Most of us assume that aging equals illness.
To be honest about it, we don’t usually put it that bluntly and we often deny it, even to ourselves, and yet we tend to assume that unless we are struck down suddenly – an unexpected automobile accident, a sudden pneumonia, a fatal heart attack – we will gradually lose the ability to care for ourselves, lose the ability to live in our own homes, and lose the ability to enjoy our lives. Are we wrong?
What if we could cure age-related disease?
What if we could be older, true, but be as healthy as the average young adult? The assumption – aging equals illness – shows itself in how we respond to the question “Do you want to live to be 120?” Most of us don’t. The Pew Foundation and CARP asked this exact question. The majority of us said we wouldn’t want to live that long, even if people had access to “medical treatments that slow the aging process and allow them to live decades longer”.
But look carefully at what the question implies.
Most of us – having close friends and relatives with Alzheimer’s disease or who live in a nursing home – immediately translate the question from “do you want to live to be 120” into “would you be willing to live in a nursing home, unable to care for yourself, for another 30-40 years?” We make this translation unconsciously, but quite naturally: after all, that’s what it means to be that old, doesn’t it? When look at the question with this assumption in our minds, why would we want to live to be 120? Not surprisingly, most of us wouldn’t. Why would you – or anyone – want to be kept alive even longer, unable to feed yourself, unable to recognize your own children, and unable to enjoy life around you? Not surprisingly, most of us would prefer an easier fate, a sudden illness for example, rather than submitting to decades of nursing care.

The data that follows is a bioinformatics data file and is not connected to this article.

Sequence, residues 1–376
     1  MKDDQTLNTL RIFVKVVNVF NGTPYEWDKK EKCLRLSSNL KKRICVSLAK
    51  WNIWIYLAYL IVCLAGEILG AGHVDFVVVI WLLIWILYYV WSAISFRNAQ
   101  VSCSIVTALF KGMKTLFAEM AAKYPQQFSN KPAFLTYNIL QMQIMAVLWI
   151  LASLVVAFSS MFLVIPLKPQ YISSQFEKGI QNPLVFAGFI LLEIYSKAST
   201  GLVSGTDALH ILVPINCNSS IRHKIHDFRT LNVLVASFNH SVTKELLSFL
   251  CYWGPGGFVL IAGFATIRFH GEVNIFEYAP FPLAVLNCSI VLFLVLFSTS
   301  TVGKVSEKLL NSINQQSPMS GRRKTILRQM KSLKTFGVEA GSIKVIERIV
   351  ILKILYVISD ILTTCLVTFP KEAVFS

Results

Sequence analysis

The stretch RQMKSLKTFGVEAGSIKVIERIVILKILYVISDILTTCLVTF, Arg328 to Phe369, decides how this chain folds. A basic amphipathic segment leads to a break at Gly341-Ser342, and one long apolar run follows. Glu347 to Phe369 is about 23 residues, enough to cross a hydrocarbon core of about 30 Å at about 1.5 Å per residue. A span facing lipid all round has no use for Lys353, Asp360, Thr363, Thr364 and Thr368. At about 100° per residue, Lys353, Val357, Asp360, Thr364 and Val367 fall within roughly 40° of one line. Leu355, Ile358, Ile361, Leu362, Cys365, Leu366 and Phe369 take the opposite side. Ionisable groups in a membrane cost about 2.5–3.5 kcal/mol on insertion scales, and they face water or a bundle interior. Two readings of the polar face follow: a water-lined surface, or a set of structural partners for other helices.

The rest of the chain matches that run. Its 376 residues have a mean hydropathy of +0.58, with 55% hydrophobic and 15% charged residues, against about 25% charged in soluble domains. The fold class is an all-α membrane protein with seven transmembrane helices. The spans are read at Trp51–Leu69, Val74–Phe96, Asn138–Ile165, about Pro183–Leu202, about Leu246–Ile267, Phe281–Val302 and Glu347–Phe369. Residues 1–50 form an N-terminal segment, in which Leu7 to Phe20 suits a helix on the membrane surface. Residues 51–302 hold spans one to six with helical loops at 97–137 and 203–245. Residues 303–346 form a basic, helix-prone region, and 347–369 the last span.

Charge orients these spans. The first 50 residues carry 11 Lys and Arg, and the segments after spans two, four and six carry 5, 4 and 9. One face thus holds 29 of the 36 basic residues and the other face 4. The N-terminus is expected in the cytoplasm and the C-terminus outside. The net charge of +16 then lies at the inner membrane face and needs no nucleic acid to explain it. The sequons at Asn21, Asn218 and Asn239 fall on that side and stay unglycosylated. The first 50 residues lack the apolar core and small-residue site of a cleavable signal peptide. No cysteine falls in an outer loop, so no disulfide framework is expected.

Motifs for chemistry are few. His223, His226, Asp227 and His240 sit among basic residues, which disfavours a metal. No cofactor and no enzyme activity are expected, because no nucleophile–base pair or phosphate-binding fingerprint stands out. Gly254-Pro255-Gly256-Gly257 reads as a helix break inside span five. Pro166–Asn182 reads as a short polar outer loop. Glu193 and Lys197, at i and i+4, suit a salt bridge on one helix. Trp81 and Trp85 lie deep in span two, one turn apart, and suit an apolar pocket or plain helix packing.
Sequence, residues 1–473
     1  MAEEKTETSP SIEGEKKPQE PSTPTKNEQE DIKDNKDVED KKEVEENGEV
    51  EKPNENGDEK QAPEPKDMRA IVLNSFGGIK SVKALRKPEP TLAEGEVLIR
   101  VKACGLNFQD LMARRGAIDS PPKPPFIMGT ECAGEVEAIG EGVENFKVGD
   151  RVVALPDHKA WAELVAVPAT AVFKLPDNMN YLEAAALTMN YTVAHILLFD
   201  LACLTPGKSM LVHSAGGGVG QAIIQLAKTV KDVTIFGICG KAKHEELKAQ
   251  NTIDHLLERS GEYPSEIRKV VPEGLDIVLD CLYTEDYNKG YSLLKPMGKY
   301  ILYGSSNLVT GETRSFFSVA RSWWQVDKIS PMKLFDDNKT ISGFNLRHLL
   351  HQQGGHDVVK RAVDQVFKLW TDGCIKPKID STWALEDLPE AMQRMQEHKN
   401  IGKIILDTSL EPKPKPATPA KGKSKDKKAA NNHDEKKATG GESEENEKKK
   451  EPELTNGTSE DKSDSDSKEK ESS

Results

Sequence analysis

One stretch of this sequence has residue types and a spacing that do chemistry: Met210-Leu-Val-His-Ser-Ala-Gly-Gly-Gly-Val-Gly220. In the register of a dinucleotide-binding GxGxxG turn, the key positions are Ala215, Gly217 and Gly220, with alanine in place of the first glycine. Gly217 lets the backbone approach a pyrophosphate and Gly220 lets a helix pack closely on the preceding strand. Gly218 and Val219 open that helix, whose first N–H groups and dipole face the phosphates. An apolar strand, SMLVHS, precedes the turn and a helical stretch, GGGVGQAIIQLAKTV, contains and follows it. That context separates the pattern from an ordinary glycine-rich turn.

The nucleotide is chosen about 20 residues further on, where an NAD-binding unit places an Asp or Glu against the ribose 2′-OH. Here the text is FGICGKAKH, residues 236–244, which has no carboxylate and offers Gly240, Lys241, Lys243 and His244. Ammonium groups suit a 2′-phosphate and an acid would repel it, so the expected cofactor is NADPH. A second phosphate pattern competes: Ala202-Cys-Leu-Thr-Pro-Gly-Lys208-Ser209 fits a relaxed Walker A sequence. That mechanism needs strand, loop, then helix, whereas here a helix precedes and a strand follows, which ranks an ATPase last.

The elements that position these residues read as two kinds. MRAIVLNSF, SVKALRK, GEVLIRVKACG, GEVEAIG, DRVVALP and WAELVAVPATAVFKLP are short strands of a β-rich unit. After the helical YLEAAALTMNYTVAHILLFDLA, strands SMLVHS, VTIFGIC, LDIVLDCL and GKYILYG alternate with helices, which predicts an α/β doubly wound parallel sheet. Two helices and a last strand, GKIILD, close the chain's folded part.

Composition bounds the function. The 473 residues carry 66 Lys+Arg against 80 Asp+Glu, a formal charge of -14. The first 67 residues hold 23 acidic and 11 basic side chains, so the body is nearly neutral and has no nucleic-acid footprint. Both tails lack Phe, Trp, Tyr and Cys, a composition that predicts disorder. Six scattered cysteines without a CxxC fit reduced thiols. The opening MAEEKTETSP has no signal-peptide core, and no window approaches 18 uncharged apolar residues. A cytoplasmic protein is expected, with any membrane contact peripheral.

But let’s change our question a bit.
Instead of “do you want to live to be 120 (in a nursing home)?”, let’s ask about a different outcome. Imagine that we could prevent Alzheimer’s disease, prevent heart disease, prevent osteoarthritis and all the “…the thousand natural shocks that flesh is heir to”. Imagine that you could have the health and function of a 30 or 40 year old. What if we could “turn back the clock” and prevent age-related disease? If you could have the health of a much younger person – even at 120 – what would you do then? Look at the question now, with different assumptions. The question becomes more interesting: “Do you want to live to be 120 if you could have the health of a young person?” It’s such an odd, such an unbelievable (beyond the pale?) question that most of us discount it immediately, and yet…
And yet perhaps it’s not so odd a question after all. As it turns out, a great deal of research shows that we may soon do exactly that. We can now reverse aging in human cells and in human tissues in the laboratory and at least one Canadian biotech firm is about to take the same approach in curing age-related diseases. They may well change everything you think you know about aging and disease. Older yes, but why not healthier as well?
The original question assumed a tragic end. At a very real level, the Pew Foundation was asking us if we wanted to be unhealthy for a longer time. A better question is whether or not we want to be healthy for a long time. It’s a much better question, particularly in light of what is about to happen to our ability to cure age-related disease.